Oil Down on Uninterrupted Mideast Supplies
(Bloomberg) -- Oil retreated after its dramatic start to the year as the uninterrupted flow of Middle East supplies tempered fears over the fallout from the U.S. airstrike that killed a top Iranian general.
Futures in London fell on Tuesday after two days of wild trading that pushed prices briefly above $70 a barrel for the first time since September. While Iran’s semi-official Fars news agency said the Islamic Republic is assessing 13 retaliation ‘scenarios’ against the U.S., and the White House ordered additional forces to the Middle East, immediate concerns that a deeper conflict could disrupt output or exports from the region are yet to materialize.
It’s been a turbulent start to 2020 for the oil market after the U.S. airstrikes sparked an escalation in hostilities between Washington and Tehran, reigniting fears of conflict in the world’s most important producing region. Crude remains about 3% higher since the attack, but futures are pulling back as the likes of Goldman Sachs Group Inc. says it’ll take a major disruption to output to keep prices elevated.
“The market is recovering from the initial shock and closely monitoring how Tehran will respond,” said Will Sungchil Yun, commodities analyst at VI Investment Corp. “As current signals indicate traders and investors don’t see a full-blown war coming, prices are likely to remain relatively steady without a significant development.”
Brent crude dropped 48 cents, or 0.7%, to $68.43 a barrel on the ICE Futures Europe exchange as of 7:55 a.m. in London. The contract ended Monday just 0.5% higher after earlier rising as much as 3.1% in intraday trade. West Texas Intermediate futures lost 40 cents, or 0.6%, to $62.87 on the New York Mercantile Exchange.
Goldman Sachs said this week there’s a greater risk of prices falling in coming weeks and being long gold is a better hedge than oil for geopolitical risks.
Oil markets still have a comfortable supply cushion should there be a disruption. OPEC is sitting on huge amounts of spare capacity after reducing supplies for most of the past three years and the U.S. recently reported its first months as a net exporter of petroleum for the first time in roughly 75 years.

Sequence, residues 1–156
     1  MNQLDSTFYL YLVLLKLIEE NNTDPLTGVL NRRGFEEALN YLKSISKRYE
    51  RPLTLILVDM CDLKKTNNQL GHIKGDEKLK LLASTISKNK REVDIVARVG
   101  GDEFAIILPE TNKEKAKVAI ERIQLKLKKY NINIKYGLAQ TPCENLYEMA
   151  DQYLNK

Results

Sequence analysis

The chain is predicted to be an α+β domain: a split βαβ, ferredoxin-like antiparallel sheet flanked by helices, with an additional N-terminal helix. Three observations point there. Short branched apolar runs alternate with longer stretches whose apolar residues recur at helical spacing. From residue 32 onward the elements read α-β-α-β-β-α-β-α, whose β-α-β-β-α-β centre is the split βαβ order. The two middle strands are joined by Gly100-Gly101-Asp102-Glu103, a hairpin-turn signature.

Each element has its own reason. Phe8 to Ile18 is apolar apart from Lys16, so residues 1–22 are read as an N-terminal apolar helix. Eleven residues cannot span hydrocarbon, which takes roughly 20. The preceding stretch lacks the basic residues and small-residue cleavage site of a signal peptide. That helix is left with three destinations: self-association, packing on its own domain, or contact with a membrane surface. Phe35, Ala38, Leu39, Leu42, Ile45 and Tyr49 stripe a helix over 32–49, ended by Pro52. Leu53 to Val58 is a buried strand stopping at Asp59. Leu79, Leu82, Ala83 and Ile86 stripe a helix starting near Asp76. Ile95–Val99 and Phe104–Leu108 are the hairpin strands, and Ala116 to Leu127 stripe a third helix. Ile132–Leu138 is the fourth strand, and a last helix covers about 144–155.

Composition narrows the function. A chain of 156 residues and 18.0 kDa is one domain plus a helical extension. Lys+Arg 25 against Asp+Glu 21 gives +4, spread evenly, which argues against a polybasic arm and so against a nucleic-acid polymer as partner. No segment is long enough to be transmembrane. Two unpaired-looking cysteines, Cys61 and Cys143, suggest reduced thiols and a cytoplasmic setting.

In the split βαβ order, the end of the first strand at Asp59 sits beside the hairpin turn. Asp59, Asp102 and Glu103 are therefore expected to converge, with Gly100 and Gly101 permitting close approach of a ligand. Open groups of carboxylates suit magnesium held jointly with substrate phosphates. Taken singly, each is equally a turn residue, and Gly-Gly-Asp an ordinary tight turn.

Consuming countries from the U.S. to China also control millions of barrels stored in strategic petroleum reserves that can be deployed to offset any shortage.
Still, oil investors remain jittery about Iran’s response after the U.S. warned of a risk of attacks in Saudi Arabia, particularly in the eastern province and near the Yemeni border close to military bases as well as oil and gas facilities. Iran’s Supreme Leader Ayatollah Ali Khamenei vowed “severe retaliation” after the killing of General Qassem Soleimani, and Fars reported that even the weakest scenario could cause a “historic nightmare” for the U.S., citing Ali Shamkhani, the head of the nation’s security council.
An upbeat start to trading faded for investors in other markets after Iran’s response to the killing of Soleimani. U.S. equity futures pared gains, while Treasuries and gold reversed earlier declines.
Saudi Arabia, Iran and Iraq together pumped more than 16 million barrels of oil a day last month. Most of their exports leave the Persian Gulf through the Strait of Hormuz, a narrow waterway that Iran has repeatedly threatened to shut down if there’s a war.
Oil buyers are also wary that Iraq’s entanglement in the dispute could disrupt shipments from OPEC’s second-biggest producer. While there’s been no material threat to Iraq’s oil output, U.S. President Donald Trump has threatened heavy sanctions against the country if it followed through on a vote by parliament to expel foreign forces from its territory. The U.S. defense secretary has since insisted America hasn’t made a decision to leave the country.
Meanwhile, the three-ship Bataan Amphibious Readiness Group, which includes about 2,200 marines and a helicopter unit, was ordered to move to the Persian Gulf region from where it was exercising in the Mediterranean, according to a U.S. official.
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